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Post-COVID-19 Implications for Global Supply Chain Management: Part III

By Hans Dau - December 26, 2020

A proper strategic sourcing approach is grounded in microeconomic principles and designed to reduce costs for both parties in the long term.


Here are a few more final key steps:


Perform disaggregated analysis on bidding data: A bidding process or request for proposal (RFP) is the main source of data and can be quite complex. Strategic sourcing analysis is usually about uncovering many small improvements that add up to meaningful savings, blocking and tackling, tedious iteration, and outworking the suppliers, rather than big, brilliant insights. The availability of big data methods enables sophisticated analysis and any simplification of pricing approaches merely to facilitate analysis is not necessary nor acceptable.


Negotiate for optimal supplier configuration: Negotiation is the iterative process of leveraging the fact that the buyer is now in possession of more information than the suppliers. Based on the highly disaggregated analysis, one can find each supplier's sweet spots and configure a preferred supplier base where each purchase is routed to the most competitive source. It is critical that all bidders remain convinced that they can gain a lot or lose a lot of business and that there is no preference for anyone outside cold, hard economics, and math.


Implement for ongoing competition: Even the most sophisticated and thoughtful pricing arrangements cannot account for unknowable innovation, temporary excess capacities, new entrants, etc. Therefore, it is critical to maintain ongoing competition while balancing the commitment to the preferred supplier base. This can be accomplished by allowing purchase level competition subject to an agreed-upon pricing umbrella with minimum / maximum market shares within the preferred supplier set.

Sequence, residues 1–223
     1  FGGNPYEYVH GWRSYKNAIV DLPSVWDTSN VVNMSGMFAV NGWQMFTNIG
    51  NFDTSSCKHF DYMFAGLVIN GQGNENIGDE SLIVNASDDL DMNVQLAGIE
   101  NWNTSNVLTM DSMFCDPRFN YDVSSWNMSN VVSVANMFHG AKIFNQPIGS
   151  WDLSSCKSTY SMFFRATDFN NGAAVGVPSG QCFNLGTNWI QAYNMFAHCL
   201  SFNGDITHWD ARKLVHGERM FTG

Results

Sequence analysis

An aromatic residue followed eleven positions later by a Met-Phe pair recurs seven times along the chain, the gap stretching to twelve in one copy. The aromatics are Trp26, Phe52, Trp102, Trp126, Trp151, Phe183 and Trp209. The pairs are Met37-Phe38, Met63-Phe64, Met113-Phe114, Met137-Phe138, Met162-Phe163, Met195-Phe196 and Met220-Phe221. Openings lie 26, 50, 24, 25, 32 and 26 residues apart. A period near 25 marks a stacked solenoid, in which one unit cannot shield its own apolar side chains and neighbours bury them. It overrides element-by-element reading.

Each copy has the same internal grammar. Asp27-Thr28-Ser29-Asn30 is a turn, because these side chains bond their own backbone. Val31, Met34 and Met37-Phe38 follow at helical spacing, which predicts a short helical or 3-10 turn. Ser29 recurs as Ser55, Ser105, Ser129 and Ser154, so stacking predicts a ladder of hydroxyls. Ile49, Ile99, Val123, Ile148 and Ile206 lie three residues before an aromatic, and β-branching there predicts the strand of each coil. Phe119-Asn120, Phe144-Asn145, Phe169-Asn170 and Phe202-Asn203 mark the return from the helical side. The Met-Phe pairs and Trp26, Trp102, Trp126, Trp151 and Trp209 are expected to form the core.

Strategic buyers should not go back to business as usual, but instead, create a competitively differentiating supply chain for the long-term. The COVID supply chain experience provides the organizational urgency to act and the likely ongoing weakness in the world economy provides the motivation to suppliers to cooperate.


Most strategic sourcing initiatives take about six to nine months and return three to five times their investment within the first year of implementation, but require a high-level of expertise and analytical sophistication. If such resources are not available internally, senior management should build or bring in the talent and capabilities required before the opportunity passes.


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